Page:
WALKER v. HATCHER

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WALKER v. HATCHER
1924 OK 967
231 P. 88
109 Okla. 283
Case Number: 13778
Decided: 10/21/1924
Supreme Court of Oklahoma

WALKER
v.
HATCHER et al.

Syllabus

¶0 Limitation of Actions--Action by Ward to Recover Land Sold by Guardian Deed.
Where the grantee under a guardian's deed, and those claiming under him, have been in continuous possession of real property since the purchase thereof at a guardian's sale, an action by the ward to recover the property, commenced more than 8 years after the guardian's deed was recorded, and more than 7 years after the termination of the guardianship, and more than 3 years after the ward had reached his majority, is barred by subdivision 2, section 183, and by section 1496, Comp. Stat. 1921, and it is not material whether the guardian's deed was valid, voidable, or void.

B. C. & A. W. Wadlington, Aiden E. Allen, and J. B. Robertson, for plaintiff in error.
King & Crawford, Robert Wimbish, and W. C. Duncan, for defendants in error.

RAY, C.

¶1 In 1910, Oscar W. Walker, a minor, enrolled as a Choctaw by blood, under Roll No. 8546, quantum of blood one-fourth, in consideration of a stock of goods, two mules, and a wagon, sold and conveyed his homestead allotment to R. L. Rollins. Thereafter, title was sought to be perfected in Rollins by the appointment of a guardian and the sale of the land by the guardian. Rollins reconveyed to the allottee and thereafter, by order of the county court, the guardian's deed was executed to Rollins. The proceedings in the guardian's sale in some way appearing to be irregular, Rollins and his wife reconveyed, and another sale was had in December, 1911, at which time Rollins bid $ 1,600 for the land. Irregularities appearing in the proceeding of the county court, the sale was set aside and the land again advertised for sale by order of the county court. At that sale, held in April, 1912, Rollins again submitted a bid of $ 1,600, and the sale was approved, and on May 1, 1912, the guardian's deed executed to him. That deed was recorded May 11, 1912. October 25, 1912, after the plaintiff had reached his majority, he executed a warranty deed to Rollins for the purpose of confirming and ratifying the guardian's deed of May 1st for the expressed consideration of $ 1. Rollins remained in possession of the land until the 17th day of January, 1916, at which time he conveyed by warranty deed to R. E. Hatcher, who went into possession and remained in possession until the 21st day of October, 1916, when he conveyed by warranty deed to Miles Haynes and Annie Eliza Haynes, who at that time went into possession. February 2, 1921, the allottee commenced this action to recover the land and to have his deed of October 25, 1912, and the guardian's deed of May 1, 1912, decreed to be void. Copies of these two deeds were attached to the petition as exhibits, The defendants R. E. Hatcher, Miles Haynes, and Eliza Haynes, answered by general denial and pleaded the two, three, and five year statutes of limitation. The defendants Miles Haynes and Eliza Haynes filed their cross-petition alleging that they had bought the land from R. E. Hatcher without any knowledge of any fraud having been perpetrated upon the plaintiff, and that the public records of Pontotoc county showed that R. L. Rollins had good title and had sold to Hatcher for a valuable consideration without notice of fraud or any defect in the title, and that Hatcher had sold to them for a valuable consideration, and that they were innocent purchasers for value, and prayed that the title be quieted in them. Judgment was for defendants and the plaintiff has appealed.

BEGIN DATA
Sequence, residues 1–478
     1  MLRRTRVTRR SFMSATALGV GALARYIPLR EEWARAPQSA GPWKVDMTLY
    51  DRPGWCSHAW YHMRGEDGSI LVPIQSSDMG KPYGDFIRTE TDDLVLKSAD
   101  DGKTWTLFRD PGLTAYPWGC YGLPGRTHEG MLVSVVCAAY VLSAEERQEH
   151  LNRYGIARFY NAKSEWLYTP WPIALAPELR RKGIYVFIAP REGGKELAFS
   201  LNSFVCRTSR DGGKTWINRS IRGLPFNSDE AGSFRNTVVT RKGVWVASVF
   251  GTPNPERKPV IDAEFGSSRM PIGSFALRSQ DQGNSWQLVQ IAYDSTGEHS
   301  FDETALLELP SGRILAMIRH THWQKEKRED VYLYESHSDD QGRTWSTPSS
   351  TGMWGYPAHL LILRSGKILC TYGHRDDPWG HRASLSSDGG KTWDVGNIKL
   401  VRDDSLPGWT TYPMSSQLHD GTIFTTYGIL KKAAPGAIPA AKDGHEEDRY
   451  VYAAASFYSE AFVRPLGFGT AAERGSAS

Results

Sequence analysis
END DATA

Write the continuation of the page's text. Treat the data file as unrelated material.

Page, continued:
¶2 The first question for consideration is that of the statutes of limitation. Plaintiff contends that the fourth subdivision of section 183, Comp. Stat. 1921, is controlling, or in other words, that the 15 year statute applies, while the defendants contend that the case falls within the second subdivision of that section, and that the action was barred at the expiration of five years after the guardian's deed was filed of record. Section 183, Comp. Stat. 1921, is as follows:

"Actions for the recovery of real property, or for the determination of any adverse right or interest therein, can only be brought within the periods hereinafter prescribed, after the cause of action shall have accrued, and at no time thereafter: * * *

"Second. An action for the recovery of real property sold by executors, administrators or guardians, upon an order or judgment of a court directing such sale, brought by the heirs or devisees of the deceased person, or the ward or his guardian, or any person claiming under any or either of them, by the title acquired after the date of the judgment or order within five years after the date of the recording of the deed made in pursuance of the sale. * * *

"Fourth. An action for the recovery of real property not hereinbefore provided for, within fifteen years.* * *"

Section 184: